ML is a subset of artificial intelligence that uses computational algorithms with the aim of providing new insights on relationships between variables that has significant potential for application in sports medicine research [26,27]. ML refers actually to the process by which a computer system utilizes data to train itself to make better decisions. ML and data mining have recently emerged as a strategical area to exploit knowledge in sports providing solutions in various sport domain including prediction of physical performance [28] and recovery rates following traumatic brain injury [29] as well as biomechanical analysis of change of direction in subjects with chronic groin pain [30]. Based on their ability to understand the non-linear dynamics of human body, ML algorithms have been used in various sports such as baseball [31], soccer [32,33,34], hockey [31,35], basketball and floorball [36].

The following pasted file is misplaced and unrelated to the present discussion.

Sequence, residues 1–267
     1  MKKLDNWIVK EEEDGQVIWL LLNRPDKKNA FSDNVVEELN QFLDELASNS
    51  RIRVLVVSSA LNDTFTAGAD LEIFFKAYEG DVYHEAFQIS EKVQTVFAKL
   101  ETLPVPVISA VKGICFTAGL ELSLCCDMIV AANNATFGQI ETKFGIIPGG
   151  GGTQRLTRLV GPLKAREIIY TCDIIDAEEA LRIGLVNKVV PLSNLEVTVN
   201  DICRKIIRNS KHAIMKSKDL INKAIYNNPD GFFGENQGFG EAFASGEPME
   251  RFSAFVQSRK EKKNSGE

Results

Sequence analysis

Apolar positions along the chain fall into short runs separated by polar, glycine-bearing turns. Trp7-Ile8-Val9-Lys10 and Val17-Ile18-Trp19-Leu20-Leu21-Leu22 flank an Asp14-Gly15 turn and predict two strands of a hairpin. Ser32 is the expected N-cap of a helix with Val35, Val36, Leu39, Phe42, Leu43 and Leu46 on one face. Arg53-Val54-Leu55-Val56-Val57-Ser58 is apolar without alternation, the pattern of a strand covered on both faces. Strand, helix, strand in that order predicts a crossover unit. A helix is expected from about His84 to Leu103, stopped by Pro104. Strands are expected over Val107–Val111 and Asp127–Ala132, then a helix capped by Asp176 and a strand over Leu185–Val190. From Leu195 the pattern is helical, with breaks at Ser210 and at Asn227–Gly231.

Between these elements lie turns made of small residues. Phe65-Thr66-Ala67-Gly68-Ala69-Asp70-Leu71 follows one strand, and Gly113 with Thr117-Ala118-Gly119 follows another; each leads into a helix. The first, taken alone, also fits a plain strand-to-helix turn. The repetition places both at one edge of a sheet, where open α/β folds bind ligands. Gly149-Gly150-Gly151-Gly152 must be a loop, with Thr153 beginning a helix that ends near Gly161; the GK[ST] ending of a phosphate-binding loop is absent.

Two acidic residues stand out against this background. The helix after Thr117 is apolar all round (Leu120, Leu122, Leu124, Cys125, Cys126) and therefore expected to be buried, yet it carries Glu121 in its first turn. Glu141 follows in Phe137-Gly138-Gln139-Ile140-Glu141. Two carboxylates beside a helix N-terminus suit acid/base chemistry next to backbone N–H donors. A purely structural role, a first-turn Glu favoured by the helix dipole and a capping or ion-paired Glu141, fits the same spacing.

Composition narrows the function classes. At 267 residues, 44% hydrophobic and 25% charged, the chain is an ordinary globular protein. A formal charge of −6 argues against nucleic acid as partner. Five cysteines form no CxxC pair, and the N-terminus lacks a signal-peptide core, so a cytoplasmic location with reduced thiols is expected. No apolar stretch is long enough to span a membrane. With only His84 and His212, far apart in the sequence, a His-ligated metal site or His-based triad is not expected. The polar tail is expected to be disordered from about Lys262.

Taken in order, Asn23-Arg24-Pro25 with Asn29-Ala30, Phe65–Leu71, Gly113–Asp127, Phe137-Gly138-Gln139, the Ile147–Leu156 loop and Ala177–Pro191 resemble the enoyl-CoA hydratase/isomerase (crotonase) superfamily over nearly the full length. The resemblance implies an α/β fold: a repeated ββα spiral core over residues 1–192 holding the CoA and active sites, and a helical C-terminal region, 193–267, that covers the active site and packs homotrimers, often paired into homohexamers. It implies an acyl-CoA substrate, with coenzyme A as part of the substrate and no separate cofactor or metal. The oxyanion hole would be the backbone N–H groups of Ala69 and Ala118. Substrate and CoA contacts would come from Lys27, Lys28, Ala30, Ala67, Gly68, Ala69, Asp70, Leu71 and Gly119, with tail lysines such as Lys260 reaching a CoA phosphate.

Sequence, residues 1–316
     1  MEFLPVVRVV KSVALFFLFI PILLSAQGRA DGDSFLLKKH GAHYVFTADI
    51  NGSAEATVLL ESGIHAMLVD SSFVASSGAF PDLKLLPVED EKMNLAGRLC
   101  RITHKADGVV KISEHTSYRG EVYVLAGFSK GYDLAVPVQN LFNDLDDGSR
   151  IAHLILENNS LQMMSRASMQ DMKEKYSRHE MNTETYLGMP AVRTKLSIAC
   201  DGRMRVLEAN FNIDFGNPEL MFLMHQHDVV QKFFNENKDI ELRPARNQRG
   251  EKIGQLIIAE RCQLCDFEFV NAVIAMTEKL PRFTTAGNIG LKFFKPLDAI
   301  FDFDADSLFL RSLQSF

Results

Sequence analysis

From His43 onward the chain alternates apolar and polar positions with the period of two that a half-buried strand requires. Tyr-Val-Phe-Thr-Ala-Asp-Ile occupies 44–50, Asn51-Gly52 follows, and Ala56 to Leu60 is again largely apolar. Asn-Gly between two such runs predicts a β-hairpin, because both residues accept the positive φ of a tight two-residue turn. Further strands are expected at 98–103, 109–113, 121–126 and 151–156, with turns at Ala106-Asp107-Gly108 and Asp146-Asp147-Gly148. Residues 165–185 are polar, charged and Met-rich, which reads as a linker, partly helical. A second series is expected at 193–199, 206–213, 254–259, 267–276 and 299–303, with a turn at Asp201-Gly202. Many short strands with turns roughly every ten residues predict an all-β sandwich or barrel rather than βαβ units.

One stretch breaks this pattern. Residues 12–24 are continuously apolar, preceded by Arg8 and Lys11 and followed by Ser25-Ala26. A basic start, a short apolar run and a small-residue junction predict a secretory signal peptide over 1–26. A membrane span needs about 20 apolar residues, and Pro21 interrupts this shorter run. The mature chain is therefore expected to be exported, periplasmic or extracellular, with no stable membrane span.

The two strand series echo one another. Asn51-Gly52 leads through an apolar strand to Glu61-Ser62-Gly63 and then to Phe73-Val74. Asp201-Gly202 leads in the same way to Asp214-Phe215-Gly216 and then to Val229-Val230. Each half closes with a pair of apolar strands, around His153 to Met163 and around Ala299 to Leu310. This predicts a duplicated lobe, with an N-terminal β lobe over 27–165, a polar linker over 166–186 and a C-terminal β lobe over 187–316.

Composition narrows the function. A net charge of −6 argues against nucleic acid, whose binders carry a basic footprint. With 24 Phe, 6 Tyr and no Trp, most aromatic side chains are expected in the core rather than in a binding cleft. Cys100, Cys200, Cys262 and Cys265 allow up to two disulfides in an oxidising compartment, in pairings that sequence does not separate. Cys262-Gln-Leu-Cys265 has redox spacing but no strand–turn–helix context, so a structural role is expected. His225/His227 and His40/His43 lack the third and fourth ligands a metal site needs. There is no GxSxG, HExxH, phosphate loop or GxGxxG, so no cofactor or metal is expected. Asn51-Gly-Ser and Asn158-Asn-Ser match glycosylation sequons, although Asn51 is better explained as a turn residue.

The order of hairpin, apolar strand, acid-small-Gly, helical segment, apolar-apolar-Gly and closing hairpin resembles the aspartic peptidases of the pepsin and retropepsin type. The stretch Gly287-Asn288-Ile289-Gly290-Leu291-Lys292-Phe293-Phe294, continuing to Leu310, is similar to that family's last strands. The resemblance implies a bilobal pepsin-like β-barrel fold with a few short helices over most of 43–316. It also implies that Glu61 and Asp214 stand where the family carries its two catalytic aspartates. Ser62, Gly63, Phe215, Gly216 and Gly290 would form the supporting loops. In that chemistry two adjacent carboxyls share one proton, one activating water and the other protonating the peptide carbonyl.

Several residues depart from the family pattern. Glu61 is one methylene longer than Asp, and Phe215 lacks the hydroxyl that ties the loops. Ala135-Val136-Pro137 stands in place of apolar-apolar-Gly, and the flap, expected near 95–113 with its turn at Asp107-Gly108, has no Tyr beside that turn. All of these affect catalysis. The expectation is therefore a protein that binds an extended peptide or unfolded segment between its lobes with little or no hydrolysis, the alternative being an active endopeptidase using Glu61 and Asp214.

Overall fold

According to our knowledge, identification of risk factors for predicting injuries in CF athletes has been limited by the absence of relevant big epidemiological studies. The main purpose of this paper is threefold: (i) the design of the first ever survey-based epidemiological study in Greece that collects data on musculoskeletal injuries in CF practitioners; (ii) the identification of risk factors that are associated with injuries in CF and (iii) the development of machine learning-based models that can predict CF injuries using a small descriptive subset of selected risk factors. To accomplish the aforementioned targets, a robust ML pipeline was implemented that involves data pre-processing, feature selection and well-known ML models. The performance of the proposed ML models was assessed using a comprehensive cross validation mechanism whereas a discussion on the nature of the selected features is also provided.